The level of automation in residential and commercial buildings has risen steadily over the years. This is not only due to the increasing demand for more comfort and convenience, but also the benefits building automation brings with regard to saving and managing energy. Security is another important factor, particularly in residential buildings. Whereas in commercial buildings flexibility is high on the agenda – offices buildings, for example, should be designed in such way that they can be easily adapted to meet any change in use or requirements.
BUILDING CODE REQUIREMENTS FOR STRUCTURAL CONCRETE (ACI 318-05) AND COMMENTARY (ACI 318R-05)
This commentary discرایگان!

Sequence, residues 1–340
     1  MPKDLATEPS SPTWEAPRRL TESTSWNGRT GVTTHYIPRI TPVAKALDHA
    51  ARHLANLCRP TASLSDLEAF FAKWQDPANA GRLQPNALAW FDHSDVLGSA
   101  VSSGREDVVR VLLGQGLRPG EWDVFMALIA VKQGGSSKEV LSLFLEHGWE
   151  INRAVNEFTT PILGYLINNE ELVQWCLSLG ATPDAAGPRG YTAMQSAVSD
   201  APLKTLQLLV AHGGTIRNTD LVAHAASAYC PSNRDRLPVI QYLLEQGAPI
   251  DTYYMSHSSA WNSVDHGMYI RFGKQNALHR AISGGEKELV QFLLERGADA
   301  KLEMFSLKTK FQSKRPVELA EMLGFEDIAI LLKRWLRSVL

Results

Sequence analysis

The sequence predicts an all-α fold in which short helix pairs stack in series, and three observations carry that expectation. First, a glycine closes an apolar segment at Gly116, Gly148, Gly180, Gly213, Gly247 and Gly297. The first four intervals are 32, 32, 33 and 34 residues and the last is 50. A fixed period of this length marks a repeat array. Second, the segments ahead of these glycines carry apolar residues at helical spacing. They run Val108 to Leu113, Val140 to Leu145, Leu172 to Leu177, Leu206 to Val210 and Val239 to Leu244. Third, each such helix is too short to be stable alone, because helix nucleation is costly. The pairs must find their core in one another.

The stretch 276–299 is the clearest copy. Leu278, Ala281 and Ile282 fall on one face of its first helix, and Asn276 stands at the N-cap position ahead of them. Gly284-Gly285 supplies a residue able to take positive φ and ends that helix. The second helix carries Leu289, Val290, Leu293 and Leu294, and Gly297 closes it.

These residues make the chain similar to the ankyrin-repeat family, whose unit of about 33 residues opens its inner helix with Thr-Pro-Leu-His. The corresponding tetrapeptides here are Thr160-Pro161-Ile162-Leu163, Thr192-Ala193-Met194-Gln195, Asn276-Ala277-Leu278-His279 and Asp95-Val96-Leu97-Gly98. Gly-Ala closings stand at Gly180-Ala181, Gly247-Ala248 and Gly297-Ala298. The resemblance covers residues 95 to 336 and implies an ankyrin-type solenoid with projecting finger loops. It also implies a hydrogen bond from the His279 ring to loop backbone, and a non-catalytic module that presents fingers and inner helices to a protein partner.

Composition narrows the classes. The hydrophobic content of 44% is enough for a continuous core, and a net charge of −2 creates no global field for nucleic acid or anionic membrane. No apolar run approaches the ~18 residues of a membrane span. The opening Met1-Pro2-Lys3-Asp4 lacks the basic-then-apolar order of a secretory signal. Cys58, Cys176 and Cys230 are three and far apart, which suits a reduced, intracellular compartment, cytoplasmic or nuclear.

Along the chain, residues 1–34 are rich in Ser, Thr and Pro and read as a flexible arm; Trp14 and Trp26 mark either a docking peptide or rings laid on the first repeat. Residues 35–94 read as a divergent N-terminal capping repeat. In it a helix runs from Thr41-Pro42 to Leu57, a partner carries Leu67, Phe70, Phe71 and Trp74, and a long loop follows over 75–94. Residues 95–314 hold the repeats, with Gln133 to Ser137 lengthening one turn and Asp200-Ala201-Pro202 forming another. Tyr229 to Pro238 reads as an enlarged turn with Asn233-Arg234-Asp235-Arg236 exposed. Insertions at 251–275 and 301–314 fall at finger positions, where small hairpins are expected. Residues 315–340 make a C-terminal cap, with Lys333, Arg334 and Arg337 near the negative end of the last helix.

This commentary discusses some of the considerations of Committee 318 in developing the provisions contained in “Building Code Requirements for Structural Concrete (ACI 318-05),” hereinafter called the code or the 2005 code. Emphasis is given to the explanation of new or revised provisions that may be unfamiliar to code users. In addition, comments are included for some items contained in previous editions of the code to make the present commentary independent of the previous editions. Comments on specific provisions are made under the corresponding chapter and section numbers of the code. The commentary is not intended to provide a complete historical background concerning the development of the ACI Building Code,* nor is it intended to provide a detailed résumé of the studies and research data reviewed by thecommittee in formulating the provisions of the code. However, references to some of the research data are provided for those who wish to study the background material in depth.